[PEAK] Re: Binding fever

Phillip J. Eby pje at telecommunity.com
Mon Nov 3 13:16:52 EST 2003

At 09:49 AM 11/3/03 -0800, John Landahl wrote:
>By the way, regarding your question about "binding fever" -- I definitely 
>have it, but I don't know if it was related to the changes in the API.
>Perhaps.  It definitely simplifies things, and using it feels really 
>streamlined now.  Especially now that the full 's, d, a' parameters are no 
>longer required -- that's made a *big* difference to me somehow, again, 
>more in the way it feels to use it.  BTW, how did you manage that trick?
>Do you try calling the method with "s, d, a" first, then just "s", then no 
>parameters?  Or is there a way to determine a callable's signature through 

Introspection.  Check out peak.util.signature and peak.binding.once for the 
dirty details.  Also, note that using an 's,d,a' signature actually runs 
faster at the moment, because there's two levels of function call taking 
place.  But of course that's probably a miniscule overhead compared to 
whatever the Make() call is actually doing at that point.

>I was also wondering if there were any specific inspirations behind the 
>binding library.  Are there any other languages or libraries out there 
>that have similar features?

Yes, lots.  But none are so cleanly integrated, IMO.  Haskell has lazy 
tuples that do the once-and-immutable computation.  Eiffel has the concept 
of "once-functions", although they work at a class level.  Java's 
PicoContainer has the idea of supplying collaborators to a component via 
its constructor, based on required interfaces.  The ObjectTeams system uses 
an adaptation-like mechanism coupled with one-time computation, to connect 
collaborators.  Java has lots of "container-oriented" frameworks.  And on 
and on it goes...  lots of systems have things that are "sort of" 
similar.  Really, about the only really new things that PEAK adds are to 
make every component coupling able to both 1) have a default 
implementation, and 2) be overrideable by the creator.  (And I'm not 
positive that you couldn't say JavaBeans doesn't have such a capability, 
especially if you're scripting them with Jython, where keywords passed to a 
constructor map to setWhatever() calls.)

However, PEAK does includes the best features from a great many component 
systems, including parent component autodiscovery, assembly 
events...  binding by name, key, or interface, factory functions...  yeah, 
I guess I went for a helping of everything from the component architecture 
buffet.  :)

>   It feels like a whole new way to program,

It is.  But it's what's been being called the holy grail of programming: 
programming with truly reusable components.  But the problem with component 
programming was never the components themselves.  It was always in the 
*wiring* and *connecting* of components that made them hard to reuse, or 
even use in the first place.  You could sort of say that the peak.binding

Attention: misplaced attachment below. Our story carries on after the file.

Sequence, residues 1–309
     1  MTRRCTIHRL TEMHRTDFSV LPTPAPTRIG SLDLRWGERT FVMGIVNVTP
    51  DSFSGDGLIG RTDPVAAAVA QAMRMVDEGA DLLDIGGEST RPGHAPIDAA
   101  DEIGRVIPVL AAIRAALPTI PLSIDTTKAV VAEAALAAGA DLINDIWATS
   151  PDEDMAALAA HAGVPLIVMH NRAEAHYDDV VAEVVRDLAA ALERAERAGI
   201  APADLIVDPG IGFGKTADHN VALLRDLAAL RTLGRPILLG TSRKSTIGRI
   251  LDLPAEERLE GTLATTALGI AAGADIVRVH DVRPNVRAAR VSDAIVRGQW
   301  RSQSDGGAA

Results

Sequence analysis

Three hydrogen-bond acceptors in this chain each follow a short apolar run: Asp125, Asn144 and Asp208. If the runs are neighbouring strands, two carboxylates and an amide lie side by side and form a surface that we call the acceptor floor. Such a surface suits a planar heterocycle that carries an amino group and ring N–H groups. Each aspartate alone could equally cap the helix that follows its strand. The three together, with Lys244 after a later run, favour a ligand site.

motto is, "Compose, Configure, Connect", as these are the key requirements 
for a solution-domain component architecture.

>and the other programmers I've exposed to PEAK have been having a hard 
>time "getting it".  Though one who had been helping out with my project 
>for a while, and so had been exposed to binding for a while now, just said 
>the other day that he's starting to see what I'm so excited about.  Maybe 
>it's the streamlined API, or maybe it's a matter of it needing to sink in 
>over time, or maybe it's a bit of both.

Probably.  I seem to have a habit of creating these sorts of paradigm 
shifts.  Usually in the form of popularizing or refining a concept first 
promoted by Jim Fulton.  Really, some aspects of peak.binding are just 
type-safe, explicit forms of what you can do in principle with name-based 
acquisition.  (You just don't really *want* to do them that way.)

>I've been writing up a bunch of notes about binding and PEAK in general, 
>and will be adding more to the DevCenter shortly.  I did make a few minor 
>updates recently, like adding a page for a glossary and adding some brief 
>overviews to the main page.  I think the glossary is going to be 
>absolutely crucial, since there are many unique terms in PEAK, or terms 
>where some explanation up front will go a long way toward furthering 
>understanding for a new PEAK user.
>Have you considered writing a book about PEAK?  Perhaps something like 
>_Python Enterprise Development with PEAK_...  It would make a great 
>O'Reilly title.  :)

Well, I think the software would need to be a bit more finished first.  And 
then, the first thing I'd be writing would be the *manual*.  I'll let 
somebody else get the fame and fortune of the book deals.  (E.g. somebody 
who's still under the impression that you can get fame and fortune by 
writing a technical book, especially on a non-buzzword language and 
product.)  ;)

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